Time to Unwind: Managing Stress and Anxiety

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Most children experience stress or anxiety in some form. Whether they're afraid of the dark, making the soccer team or coping with the pressures of school, and friends,kids feel it. Add to the equation that we live in a high pressured, fast paced city and it's no wonder we feel like we don't have a moment to slow down and take a breath!

Stress is a fact of life for everyone. It is our body’s “fight or flight” response to the various challenges the world throws at us. When stress strikes, our heart beats faster. Our palms sweat. Our system is ready for action.

Recently, I attended a workshop on test anxiety at the NYU Child Study Center. The facilitator explained that there is an optimal amount of anxiety or stress that helps us succeed. We need to feel just enough anxiety so that we push ourselves to study for an upcoming exam or prepare for an important presentation. However, feeling too much pressure and anxiety can lead to a meltdown or a mental stoppage. Have you ever sat down for an exam, job interview or lead a meeting and your mind goes blank?

Children with learning and attention issues often deal with the latter. Unlike their peers, they may not have a history of success or tools when coping with stressful circumstances. Instead of feeling eager about something new, such as an academic challenge or a team tryout, children with learning and attention issues may feel anxious and often panicky. They may even completely shut down. It looks to them as one more opportunity to struggle or fail.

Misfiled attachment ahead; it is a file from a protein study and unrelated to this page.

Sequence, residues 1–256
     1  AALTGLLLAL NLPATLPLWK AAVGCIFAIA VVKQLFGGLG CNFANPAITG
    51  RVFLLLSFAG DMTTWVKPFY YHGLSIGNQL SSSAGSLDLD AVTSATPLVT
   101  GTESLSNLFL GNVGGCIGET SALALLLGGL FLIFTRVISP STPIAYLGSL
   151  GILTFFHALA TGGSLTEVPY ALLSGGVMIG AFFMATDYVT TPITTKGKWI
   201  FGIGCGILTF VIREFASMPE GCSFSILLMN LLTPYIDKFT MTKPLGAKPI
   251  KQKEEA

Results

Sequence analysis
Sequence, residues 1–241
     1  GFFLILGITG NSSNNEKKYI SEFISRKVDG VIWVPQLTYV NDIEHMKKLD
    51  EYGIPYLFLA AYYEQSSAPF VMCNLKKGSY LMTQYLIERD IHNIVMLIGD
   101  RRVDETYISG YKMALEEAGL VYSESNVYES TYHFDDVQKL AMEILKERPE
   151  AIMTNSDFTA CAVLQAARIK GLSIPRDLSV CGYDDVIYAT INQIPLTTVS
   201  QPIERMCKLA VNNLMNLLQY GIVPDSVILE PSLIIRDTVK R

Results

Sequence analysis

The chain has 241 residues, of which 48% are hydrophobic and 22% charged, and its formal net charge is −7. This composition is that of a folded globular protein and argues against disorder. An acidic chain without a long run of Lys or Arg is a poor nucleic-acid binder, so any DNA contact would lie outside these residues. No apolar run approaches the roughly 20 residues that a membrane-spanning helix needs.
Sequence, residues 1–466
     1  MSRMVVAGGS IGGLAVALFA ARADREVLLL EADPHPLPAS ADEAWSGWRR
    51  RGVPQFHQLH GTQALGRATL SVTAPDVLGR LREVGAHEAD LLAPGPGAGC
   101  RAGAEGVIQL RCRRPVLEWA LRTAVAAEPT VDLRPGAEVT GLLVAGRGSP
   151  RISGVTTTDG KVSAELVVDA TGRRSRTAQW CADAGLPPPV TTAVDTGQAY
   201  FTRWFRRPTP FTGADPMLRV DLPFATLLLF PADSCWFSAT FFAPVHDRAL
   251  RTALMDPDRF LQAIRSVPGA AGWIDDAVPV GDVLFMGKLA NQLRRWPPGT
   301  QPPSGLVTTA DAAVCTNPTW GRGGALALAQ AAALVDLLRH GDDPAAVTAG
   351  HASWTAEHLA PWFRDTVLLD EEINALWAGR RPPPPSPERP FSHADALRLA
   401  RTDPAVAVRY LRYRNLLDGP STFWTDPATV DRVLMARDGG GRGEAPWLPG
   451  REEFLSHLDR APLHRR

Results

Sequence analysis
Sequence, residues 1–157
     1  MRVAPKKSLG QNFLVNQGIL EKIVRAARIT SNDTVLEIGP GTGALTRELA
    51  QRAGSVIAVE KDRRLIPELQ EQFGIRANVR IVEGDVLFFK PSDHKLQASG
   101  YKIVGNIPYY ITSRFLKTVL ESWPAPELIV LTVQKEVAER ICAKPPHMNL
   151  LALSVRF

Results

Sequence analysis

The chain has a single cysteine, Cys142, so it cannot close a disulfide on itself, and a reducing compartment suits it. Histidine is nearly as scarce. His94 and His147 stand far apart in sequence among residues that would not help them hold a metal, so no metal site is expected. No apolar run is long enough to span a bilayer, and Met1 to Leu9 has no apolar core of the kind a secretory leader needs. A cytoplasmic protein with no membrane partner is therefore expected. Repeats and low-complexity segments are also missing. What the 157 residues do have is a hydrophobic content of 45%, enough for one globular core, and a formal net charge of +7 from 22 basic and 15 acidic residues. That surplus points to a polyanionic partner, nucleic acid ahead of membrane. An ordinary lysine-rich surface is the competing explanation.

How can we help our children stress less? 

  •  Validate their feelings. If your child comes home and says she thinks she failed a test or didn't make the team, listen to her and empathize. When we respond with "I'm sure you did fine!" or "It will all be okay!" our children don't feel we've heard them; it can feel like we are just not getting it. Instead, meet them where they are, emotionally: "I can see you feel pretty upset and I'm so sorry it didn't go as well as you hoped". When we allow our kids and ourselves to sit with our feelings for a bit, we are able to more clearly process these emotions and move on to the next thing, more successfully.
  • Maintain a growth mindset about failing. Emphasize the process of working and learning, not the outcome. Praise and reinforce your child's effort and persistence. It's important to remember that failure and missteps are part of the learning process - getting better at specific skills or learning something new is hard! (check out December's blog on growth mindset to learn more about this critical point).
  • Conscious Breathing. Breathing exercises are a great tool to help manage stress. We all have the ability to feel calmer, more relaxed, and more alert at any given moment. This ability is called “Conscious Breathing”. When we use it, we are less stressed, more creative and calmer. These breathing techniques help improve focus and emotional regulation. There are many different conscious breathing exercises which can be practiced anywhere, anytime! 
  • Progressive Muscle Relaxation. Progressive muscle relaxation offers a great way to relieve stress. This is accomplished by tensing and then relaxing different muscle groups in your body. Like conscious breathing, these exercises can be done anywhere, anytime and are most effective when practiced regularly. Encourage your child to take a minute or two before an exam or presentation to practice. It will help them to relax and clear their mind. There are quite a few muscle relaxation techniques that involve only subtle movements; assure your child that no one can see them doing this, should they feel self-conscious. 

Every student has a different learning style. For an individualized plan customized to your child's needs, please contact Dana Aussenberg at danaaussenberg.com or email dana@danaaussenberg.com.